Trasna is pleased to announce that poet Daniel Murphy will join its team of editors.
This week we feature four of his poems. Whether it’s a “rusty gate in a field of rock,” or “the cream cheese on your cheek,” Murphy explores the expansive to the intimate. There is a rhythm in his writing between the big and the small; between man and god — “between where you left your keys and astrophysics.” His poems are visual, and his voice is distinct — “a word to salt the driveway with.”
Included in this selection are two new and powerful poems: “Eviction Scene,” about the displacement of the widow McNamara’s family, and their resulting emigration; and “Man,” which takes place on a rain-soaked street in the States. Together, they are reflective of Trasna’s larger theme of exploring the connections between two countries separated by an ocean.
A moment arrives in oversleeping
when the body seems all the more tired,
when sleep itself ceases to refresh.
All that rest becomes heavy, pins
the head and limbs.
In the landscape of hunger
there’s a rusty gate in a field of rock
it’s just as painful to eat
as it is to starve.
Published in Issue 6, Panhandler Magazine
of things we don’t know,
in the slug darkness
between where you left
your keys and astrophysics.
No fingers to point
to truth or stars
or cream cheese on your cheek.
to salt the driveway with.
Or something to call
the love you once felt, still feel.
Peace and unease living
under the same sunbaked roof.
The dog’s dream kicking you.
Or the snowing static of a knob TV
as it makes an old woman glow.
Published in issue #15, Spring/Summer 2017, Sugar House Review
A squat wall borders the fore.
A patch of packed dirt and stone
leads to the parged-coat cottage
where men lean with top hats, derby hats,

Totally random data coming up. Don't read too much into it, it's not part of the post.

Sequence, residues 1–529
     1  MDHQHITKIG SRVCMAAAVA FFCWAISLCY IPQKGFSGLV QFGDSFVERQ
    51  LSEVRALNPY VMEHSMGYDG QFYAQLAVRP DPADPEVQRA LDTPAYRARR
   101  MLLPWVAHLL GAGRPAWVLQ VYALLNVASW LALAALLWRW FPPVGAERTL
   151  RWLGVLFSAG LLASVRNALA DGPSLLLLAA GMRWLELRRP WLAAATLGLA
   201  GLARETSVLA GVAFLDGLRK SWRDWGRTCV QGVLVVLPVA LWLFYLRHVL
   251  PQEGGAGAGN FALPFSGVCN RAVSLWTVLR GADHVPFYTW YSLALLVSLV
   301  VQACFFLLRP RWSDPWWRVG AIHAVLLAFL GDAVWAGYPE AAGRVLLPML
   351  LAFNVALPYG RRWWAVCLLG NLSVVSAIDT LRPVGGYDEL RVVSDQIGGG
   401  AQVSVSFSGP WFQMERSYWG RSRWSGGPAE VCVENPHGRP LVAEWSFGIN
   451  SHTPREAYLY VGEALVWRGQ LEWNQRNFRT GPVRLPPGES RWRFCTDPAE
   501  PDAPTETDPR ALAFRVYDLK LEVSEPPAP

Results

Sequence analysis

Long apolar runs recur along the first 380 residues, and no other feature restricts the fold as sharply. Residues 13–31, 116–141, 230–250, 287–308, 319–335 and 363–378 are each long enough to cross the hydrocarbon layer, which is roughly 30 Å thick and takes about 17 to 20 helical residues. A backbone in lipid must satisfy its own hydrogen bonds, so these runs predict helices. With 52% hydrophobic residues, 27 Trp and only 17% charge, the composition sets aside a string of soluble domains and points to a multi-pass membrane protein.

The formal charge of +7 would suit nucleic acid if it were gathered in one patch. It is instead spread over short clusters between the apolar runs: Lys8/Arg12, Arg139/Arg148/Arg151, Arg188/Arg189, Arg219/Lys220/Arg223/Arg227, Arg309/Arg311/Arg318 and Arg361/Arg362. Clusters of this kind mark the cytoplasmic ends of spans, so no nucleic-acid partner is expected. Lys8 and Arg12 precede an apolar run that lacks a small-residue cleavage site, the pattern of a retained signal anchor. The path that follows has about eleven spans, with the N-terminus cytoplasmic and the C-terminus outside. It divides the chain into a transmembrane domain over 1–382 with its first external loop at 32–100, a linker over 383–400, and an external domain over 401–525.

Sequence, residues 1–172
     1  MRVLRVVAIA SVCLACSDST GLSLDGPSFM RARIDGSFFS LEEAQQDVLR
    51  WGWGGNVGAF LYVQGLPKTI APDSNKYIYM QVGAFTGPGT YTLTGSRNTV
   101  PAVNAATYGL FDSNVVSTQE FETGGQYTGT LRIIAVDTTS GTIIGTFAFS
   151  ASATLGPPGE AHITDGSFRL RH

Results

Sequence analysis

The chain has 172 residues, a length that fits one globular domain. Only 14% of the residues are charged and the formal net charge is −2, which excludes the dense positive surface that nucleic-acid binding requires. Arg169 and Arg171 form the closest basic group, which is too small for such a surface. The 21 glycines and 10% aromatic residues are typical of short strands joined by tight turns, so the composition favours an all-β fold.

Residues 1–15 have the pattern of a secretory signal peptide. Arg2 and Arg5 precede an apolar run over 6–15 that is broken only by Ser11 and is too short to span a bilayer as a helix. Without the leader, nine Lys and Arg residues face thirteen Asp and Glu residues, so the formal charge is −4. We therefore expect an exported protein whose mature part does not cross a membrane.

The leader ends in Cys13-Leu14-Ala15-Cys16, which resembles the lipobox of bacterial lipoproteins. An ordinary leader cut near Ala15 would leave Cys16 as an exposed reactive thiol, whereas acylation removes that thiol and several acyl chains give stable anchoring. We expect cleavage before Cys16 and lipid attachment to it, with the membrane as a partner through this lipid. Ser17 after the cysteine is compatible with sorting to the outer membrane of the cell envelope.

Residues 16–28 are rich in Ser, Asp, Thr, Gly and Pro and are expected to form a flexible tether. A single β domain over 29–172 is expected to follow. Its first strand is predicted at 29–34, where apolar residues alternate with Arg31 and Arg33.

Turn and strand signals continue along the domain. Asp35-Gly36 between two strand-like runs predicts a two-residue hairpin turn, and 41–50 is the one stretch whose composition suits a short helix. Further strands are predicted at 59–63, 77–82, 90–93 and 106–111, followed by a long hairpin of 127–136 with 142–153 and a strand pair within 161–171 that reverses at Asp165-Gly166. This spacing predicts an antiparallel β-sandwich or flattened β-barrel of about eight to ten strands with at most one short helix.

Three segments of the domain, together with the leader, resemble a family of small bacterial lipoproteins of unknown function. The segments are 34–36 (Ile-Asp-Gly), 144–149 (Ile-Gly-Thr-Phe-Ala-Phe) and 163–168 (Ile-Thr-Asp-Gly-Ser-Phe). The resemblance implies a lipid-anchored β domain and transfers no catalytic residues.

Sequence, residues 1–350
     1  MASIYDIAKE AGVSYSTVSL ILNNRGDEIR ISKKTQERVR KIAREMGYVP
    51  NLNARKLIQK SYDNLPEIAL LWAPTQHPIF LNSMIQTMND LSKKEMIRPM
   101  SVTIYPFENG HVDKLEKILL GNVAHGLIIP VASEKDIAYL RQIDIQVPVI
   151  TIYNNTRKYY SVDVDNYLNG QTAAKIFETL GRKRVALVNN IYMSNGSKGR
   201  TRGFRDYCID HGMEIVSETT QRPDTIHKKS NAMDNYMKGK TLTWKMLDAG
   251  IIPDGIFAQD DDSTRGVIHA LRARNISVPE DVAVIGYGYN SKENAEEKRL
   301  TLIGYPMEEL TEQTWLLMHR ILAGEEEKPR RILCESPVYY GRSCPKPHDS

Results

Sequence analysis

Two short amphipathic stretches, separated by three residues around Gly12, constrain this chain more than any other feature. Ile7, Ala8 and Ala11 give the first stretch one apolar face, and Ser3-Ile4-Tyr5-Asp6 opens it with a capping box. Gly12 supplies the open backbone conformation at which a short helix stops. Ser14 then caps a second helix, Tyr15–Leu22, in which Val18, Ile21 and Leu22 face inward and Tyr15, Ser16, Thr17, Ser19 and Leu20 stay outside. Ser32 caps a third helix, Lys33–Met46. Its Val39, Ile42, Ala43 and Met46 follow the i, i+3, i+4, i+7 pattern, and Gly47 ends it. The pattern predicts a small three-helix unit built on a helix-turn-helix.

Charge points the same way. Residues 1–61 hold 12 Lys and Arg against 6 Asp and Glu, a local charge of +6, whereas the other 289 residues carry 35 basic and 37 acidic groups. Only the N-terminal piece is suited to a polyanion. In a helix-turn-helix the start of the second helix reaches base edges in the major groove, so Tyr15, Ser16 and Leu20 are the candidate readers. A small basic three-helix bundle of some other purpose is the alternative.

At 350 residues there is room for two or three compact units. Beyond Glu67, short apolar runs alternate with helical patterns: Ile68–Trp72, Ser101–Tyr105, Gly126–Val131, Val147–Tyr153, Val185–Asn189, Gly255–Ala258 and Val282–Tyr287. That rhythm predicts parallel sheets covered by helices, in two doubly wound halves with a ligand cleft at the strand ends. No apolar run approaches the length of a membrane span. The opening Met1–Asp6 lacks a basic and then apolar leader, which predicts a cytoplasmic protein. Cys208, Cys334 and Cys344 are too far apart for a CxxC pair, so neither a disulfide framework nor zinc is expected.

caubeens and beards rolling over
their overcoats. Lined up among them
two women straighten in aprons, a priest
towers in boots; all of them set their backs
against the rough wall of the house, staring
back at the aperture capturing them as if
the past is about to be taken.
They stand ready for the party outside
our view. In the doorway and windows
trunks of sawn oak and ash are stacked
to barricade the home—eyes of heartwood
hard, unblinking—save for one square frame
where the Widow McNamara fastens
on a sill beneath an eave of thatch.
She wears dark wool, bears wrinkles like
lines of tree rings, a natural testimony.
The year is 1887; the camera must stand
on three skinny legs like a transit
surveying the lot. A large basket of peat
brims by the priest. Who am I to say
it burns with the house? That its smoke
fogs the eyes of her sons and daughters,
that its scent settles in their clothes
as they emigrate in boats toward a new century?
I cannot see a sparrowhawk circle
uncertain above a gutted ruin. Or where
she tires and rests on a fresh-cut stump.
But when I study this black & white
like a summons under my thumbs,
I smell the McNamaras just after, little ancestors
pulling marigolds by the road, bittersweet petals
blooming on their tongues to some harbor.
A cloud bursts over Broadway Street.
Through a car window, everything’s blurred—
traffic lights diffuse a rolling glow, storefronts
fog to a collection of impressions—save a man
ambling slowly, clear through the strafing rain,
a Boston Herald held above his head, news
bleeding down his face, all those story lines
that more or less the world signed off on
surfacing blackly in the path of his shoes.
A former carpenter and Golden Gloves boxer, Dan Murphy teaches writing and literature at Boston University. He recently served as Writer-in-Residence at Phillips Academy in Andover, Mass. A past Robert Pinsky Global Fellow at Boston University and a Grace Abernathy Scholar of Creative Writing at Emory University, his work has appeared in Sugar House Review, The Summerset Review, The Adirondack Review, and Panhandler Magazine, among others. His chapbook, The Narrow House, was a 2016 finalist in the Munster Literature Centre’s international chapbook competition. A full-length collection, Estate Sale, is currently under review.